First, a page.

New due diligence checks are required for companies still wanting access to the EU market to sell products. All commodities will need to be checked to ensure that they were not from deforested land to comply with these regulations. These checks need to be made for all products from the 31st of December 2020. Along with product checking, supply chains should also be analysed. Doing this will ensure they support the new regulations.
Supply chain management is a notoriously complex and often opaque process. It’s hard to track products from the source of origin through shipping, manufacturing, warehousing and retailing. Achieving the level of accuracy required for commodity tracing by the new CAP regulations is, needless to say, causing some unrest within the agricultural sector. However, some technologies can make the transition to compliance much more effortless.
One such method is the use of Blockchain technology. Although initially created for cryptocurrency transactions, it has many other applications. One of these is using blockchain to manage supply chains to improve efficiency and transparency throughout the entire process. Blockchain technology helps companies manage their supply chain better than ever before using smart contracts and decentralised ledgers.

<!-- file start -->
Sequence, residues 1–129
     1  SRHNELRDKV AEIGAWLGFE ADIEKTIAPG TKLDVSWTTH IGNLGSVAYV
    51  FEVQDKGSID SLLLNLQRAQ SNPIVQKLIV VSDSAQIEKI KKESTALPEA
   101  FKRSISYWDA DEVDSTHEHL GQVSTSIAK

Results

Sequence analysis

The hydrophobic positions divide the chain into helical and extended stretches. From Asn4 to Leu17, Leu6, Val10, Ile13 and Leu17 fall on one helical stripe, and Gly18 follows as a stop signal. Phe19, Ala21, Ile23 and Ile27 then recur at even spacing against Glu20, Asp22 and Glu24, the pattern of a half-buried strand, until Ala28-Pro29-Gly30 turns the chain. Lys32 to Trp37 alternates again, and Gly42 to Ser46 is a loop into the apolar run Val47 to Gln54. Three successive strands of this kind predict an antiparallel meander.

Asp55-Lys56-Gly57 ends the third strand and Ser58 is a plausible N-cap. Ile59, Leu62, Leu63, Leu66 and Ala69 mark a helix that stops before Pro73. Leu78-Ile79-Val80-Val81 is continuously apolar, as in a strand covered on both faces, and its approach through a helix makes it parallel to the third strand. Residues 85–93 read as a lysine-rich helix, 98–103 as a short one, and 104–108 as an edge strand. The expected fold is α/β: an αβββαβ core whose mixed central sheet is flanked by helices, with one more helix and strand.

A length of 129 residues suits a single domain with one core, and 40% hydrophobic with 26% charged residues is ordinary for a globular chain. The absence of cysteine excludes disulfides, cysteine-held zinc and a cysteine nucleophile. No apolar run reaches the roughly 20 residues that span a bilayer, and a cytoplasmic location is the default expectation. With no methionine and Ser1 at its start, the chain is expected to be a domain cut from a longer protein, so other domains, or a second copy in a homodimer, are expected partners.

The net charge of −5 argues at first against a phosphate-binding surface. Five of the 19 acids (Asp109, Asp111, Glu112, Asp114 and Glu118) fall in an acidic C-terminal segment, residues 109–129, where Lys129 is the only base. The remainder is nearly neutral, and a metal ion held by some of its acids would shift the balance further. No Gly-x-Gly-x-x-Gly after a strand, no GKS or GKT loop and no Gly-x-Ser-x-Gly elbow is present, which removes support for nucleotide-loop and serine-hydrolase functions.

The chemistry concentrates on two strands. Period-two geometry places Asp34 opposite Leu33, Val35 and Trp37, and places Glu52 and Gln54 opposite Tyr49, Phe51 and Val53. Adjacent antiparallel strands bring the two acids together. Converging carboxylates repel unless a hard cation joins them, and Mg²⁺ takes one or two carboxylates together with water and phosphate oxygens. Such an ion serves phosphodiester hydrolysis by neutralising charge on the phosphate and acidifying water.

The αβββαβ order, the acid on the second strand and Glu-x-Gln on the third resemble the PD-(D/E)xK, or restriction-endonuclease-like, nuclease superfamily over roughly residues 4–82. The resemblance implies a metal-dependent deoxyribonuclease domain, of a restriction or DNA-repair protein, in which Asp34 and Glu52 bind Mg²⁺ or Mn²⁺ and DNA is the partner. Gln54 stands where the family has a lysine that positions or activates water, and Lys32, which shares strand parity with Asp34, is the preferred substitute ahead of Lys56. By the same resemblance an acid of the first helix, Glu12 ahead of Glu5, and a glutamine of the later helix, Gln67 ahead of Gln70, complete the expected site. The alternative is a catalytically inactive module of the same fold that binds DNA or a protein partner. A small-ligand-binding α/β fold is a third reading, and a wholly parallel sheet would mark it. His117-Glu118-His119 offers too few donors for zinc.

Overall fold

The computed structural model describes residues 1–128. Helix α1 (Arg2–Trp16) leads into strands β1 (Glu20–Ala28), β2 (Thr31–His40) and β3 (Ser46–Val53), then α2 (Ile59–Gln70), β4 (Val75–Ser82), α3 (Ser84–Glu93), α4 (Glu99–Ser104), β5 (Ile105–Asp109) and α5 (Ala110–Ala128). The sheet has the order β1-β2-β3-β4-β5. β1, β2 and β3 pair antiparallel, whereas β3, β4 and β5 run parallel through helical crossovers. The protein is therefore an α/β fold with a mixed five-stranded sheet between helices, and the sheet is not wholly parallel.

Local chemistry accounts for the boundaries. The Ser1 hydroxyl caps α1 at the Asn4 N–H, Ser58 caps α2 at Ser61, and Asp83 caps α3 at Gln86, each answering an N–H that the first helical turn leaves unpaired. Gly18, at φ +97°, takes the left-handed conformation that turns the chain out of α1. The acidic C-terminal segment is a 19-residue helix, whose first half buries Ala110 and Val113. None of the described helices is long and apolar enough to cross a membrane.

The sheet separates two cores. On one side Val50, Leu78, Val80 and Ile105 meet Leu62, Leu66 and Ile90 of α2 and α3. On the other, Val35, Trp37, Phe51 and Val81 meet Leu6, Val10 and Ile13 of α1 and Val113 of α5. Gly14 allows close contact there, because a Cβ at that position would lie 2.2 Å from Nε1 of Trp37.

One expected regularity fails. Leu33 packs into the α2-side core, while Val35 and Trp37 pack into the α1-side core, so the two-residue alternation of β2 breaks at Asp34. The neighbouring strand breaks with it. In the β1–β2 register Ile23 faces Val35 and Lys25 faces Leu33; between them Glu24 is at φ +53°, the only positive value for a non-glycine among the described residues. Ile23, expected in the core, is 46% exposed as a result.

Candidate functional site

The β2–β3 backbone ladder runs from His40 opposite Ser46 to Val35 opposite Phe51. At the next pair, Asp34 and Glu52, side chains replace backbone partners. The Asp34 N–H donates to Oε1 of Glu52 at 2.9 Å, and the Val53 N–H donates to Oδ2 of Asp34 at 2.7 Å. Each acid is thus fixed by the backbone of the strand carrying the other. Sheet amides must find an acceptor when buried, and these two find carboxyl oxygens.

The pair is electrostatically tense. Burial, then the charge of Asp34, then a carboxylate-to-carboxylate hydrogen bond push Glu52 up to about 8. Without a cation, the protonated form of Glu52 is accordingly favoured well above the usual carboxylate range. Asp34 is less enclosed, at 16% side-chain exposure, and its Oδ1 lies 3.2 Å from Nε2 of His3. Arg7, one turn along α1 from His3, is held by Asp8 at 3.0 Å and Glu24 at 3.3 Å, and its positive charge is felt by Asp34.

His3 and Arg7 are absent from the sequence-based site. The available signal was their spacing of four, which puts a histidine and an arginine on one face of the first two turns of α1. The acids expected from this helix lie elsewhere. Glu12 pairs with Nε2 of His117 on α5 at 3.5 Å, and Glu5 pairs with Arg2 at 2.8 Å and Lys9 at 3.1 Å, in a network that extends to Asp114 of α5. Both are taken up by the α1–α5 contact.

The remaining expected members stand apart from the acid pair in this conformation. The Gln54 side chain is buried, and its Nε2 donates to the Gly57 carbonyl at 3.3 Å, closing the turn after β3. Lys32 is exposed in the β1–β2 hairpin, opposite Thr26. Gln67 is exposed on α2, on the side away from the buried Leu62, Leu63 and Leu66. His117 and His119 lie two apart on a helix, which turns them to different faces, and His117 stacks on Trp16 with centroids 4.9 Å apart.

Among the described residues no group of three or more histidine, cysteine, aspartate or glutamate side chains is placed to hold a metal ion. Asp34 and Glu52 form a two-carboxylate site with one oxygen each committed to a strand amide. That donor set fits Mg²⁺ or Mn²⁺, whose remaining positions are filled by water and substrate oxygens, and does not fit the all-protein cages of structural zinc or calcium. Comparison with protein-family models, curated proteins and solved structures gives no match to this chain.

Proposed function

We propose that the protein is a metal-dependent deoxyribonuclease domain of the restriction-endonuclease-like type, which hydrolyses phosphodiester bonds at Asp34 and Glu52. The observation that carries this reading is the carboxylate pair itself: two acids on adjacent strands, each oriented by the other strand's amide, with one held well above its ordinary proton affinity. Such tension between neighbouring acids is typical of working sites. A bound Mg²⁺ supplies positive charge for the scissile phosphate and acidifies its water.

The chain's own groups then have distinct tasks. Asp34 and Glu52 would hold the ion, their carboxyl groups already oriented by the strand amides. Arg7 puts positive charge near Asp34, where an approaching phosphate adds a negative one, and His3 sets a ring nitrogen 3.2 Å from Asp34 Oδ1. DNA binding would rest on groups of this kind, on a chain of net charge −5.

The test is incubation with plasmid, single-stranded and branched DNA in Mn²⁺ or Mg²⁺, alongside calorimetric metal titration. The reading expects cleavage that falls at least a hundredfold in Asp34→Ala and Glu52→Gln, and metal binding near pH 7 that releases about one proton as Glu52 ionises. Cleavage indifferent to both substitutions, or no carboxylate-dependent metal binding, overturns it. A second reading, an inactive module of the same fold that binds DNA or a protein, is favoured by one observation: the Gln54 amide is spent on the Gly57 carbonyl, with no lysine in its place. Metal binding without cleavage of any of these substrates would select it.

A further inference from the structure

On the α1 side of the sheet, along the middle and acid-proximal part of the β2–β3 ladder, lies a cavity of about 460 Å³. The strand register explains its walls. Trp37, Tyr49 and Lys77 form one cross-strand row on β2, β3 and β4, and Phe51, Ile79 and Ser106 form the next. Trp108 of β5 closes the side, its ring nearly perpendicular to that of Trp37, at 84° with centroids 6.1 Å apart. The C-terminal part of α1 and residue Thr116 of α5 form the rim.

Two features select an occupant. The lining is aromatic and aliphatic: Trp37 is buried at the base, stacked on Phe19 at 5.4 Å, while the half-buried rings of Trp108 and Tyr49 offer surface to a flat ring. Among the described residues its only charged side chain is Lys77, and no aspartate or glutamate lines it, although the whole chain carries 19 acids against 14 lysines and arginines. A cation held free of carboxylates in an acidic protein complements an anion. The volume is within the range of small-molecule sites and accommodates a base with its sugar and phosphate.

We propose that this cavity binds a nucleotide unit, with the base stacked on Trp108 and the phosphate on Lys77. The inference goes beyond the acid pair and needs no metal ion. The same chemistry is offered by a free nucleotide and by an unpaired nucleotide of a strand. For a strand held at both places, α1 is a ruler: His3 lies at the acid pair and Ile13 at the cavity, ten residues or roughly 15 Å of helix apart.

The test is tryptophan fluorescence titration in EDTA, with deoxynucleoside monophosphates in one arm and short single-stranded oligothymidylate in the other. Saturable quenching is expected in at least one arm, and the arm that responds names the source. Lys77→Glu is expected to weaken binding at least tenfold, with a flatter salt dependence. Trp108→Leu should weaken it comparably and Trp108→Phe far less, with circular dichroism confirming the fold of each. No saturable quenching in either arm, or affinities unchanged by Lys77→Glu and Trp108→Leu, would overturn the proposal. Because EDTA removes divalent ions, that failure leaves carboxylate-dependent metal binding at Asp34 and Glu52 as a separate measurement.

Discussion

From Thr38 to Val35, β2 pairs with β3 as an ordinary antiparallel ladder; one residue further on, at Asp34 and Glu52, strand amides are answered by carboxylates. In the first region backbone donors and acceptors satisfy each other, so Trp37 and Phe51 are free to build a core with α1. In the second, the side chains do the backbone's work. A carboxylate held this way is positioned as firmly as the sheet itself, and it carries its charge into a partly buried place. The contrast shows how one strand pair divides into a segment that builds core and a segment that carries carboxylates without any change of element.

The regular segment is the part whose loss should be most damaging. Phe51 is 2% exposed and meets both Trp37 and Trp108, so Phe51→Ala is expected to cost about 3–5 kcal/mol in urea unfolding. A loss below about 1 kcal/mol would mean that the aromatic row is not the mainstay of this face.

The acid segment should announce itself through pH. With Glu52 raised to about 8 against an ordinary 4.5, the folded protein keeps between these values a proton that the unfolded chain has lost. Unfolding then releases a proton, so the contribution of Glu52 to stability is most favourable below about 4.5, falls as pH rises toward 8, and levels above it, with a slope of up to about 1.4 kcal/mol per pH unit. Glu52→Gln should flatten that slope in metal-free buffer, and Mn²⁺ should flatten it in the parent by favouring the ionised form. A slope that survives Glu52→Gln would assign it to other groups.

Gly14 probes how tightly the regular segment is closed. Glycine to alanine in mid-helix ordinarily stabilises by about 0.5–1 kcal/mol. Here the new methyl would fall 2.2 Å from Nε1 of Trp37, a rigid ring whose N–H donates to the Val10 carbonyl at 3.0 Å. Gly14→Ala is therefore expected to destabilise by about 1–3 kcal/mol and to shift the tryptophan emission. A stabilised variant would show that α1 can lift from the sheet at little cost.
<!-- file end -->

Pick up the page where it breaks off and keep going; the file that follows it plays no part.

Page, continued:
Using blockchain for agricultural supply chains will reduce costs, improve efficiency, and eliminate fraud and errors in data entry. Blockchain not only improves efficiency in supply chain management. It also provides more information than ever before about where a product came from and how it was made.
Tracing the origins of products can be easily satisfied using innovative technologies such as Radio Frequency Identification (RFID) and blockchain. RFID tags are small chips embedded in products and scanned by readers to get information about the product. Blockchain is a distributed database that allows for a secure and transparent way of tracking transactions.